posted by jokeefe at 9:18 PM on June 23, 2003


I think jokeefe said it best.
Nedless to say, my own mother and youngest sister would not be in the world today if it was not for modern medicine.
posted by spazzm at 10:04 PM on June 23, 2003


" ...The towers were actually destroyed as part of an experiment being conducted by the Gnomes of Zurich. Contrary to their name, the Gnomes actually live in Melbourne Australia, not Zurich."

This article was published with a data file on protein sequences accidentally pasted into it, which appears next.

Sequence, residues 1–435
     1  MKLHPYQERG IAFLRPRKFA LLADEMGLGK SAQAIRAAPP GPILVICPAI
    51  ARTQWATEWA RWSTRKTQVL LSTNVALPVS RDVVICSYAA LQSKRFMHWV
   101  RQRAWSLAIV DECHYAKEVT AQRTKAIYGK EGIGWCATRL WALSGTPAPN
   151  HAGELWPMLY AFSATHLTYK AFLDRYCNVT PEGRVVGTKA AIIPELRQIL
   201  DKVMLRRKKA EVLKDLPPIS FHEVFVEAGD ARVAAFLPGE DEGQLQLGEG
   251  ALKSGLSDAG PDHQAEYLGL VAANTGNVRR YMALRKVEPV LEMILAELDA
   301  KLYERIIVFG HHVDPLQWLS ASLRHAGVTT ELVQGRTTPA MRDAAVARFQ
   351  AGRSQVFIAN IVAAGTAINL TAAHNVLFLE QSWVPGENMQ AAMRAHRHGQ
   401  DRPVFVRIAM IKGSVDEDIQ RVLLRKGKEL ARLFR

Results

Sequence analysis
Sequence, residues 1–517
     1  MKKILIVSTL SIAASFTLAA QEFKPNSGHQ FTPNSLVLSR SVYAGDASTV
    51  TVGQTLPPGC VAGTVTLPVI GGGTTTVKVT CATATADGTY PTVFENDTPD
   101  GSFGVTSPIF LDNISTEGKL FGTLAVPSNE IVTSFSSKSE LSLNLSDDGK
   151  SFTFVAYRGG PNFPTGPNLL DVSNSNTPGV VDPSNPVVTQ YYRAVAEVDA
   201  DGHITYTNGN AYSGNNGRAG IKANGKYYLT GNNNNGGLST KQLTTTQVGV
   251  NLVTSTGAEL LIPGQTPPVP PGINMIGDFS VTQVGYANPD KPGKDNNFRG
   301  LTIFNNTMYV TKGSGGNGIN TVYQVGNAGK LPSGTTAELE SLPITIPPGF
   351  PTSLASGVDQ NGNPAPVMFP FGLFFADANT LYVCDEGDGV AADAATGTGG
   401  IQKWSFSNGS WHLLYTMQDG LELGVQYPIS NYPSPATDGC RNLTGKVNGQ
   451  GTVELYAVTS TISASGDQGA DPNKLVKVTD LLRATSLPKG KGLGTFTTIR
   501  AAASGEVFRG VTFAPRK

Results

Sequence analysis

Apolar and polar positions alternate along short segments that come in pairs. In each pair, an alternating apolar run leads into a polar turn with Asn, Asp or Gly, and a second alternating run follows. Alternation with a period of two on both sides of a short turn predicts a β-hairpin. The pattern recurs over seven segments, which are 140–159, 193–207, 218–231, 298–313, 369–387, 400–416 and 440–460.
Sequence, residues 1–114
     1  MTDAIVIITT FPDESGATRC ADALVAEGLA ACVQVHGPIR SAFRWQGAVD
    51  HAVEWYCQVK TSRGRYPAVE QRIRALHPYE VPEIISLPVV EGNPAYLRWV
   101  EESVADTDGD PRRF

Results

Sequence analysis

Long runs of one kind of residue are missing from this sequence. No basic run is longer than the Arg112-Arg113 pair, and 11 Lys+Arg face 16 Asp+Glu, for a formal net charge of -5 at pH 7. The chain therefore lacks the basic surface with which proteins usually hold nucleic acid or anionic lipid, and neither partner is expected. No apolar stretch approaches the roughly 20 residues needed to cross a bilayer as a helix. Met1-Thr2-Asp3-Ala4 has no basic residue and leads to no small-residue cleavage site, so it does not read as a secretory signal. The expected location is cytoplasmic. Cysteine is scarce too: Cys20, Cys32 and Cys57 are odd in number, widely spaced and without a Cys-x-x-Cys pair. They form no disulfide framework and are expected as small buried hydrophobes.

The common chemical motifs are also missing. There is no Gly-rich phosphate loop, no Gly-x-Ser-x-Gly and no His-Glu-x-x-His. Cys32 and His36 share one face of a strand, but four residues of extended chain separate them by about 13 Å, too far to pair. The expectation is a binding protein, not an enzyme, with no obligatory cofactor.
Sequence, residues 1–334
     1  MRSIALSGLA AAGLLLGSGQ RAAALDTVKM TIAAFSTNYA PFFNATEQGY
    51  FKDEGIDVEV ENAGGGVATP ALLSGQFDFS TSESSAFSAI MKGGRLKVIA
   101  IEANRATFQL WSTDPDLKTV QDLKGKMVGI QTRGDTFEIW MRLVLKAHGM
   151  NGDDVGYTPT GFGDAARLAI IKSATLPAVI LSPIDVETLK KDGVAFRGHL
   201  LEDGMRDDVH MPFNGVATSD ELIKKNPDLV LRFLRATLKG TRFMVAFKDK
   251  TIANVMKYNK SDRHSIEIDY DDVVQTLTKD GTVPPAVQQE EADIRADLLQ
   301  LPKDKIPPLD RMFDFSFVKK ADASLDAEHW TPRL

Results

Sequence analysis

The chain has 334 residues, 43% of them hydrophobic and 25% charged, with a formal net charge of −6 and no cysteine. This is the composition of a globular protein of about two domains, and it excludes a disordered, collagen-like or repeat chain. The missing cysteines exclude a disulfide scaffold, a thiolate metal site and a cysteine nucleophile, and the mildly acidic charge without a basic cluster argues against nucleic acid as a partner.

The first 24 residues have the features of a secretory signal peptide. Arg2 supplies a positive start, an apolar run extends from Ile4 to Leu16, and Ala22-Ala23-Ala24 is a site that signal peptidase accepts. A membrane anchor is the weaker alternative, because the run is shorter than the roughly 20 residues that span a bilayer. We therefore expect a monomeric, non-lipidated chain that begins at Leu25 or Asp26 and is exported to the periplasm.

: The most curious aspect, to me, about this discussion is the unwillingness of some commenting here to acknowledge the richly documented history of PR/Propaganda in the 20th century.

Resorts to name calling and absurdist ridicule tend to set off my alarm bells and cause me to ask - "Why the invectives, the personal attacks? What's at stake?"
posted by troutfishing at 9:38 PM on June 28, 2003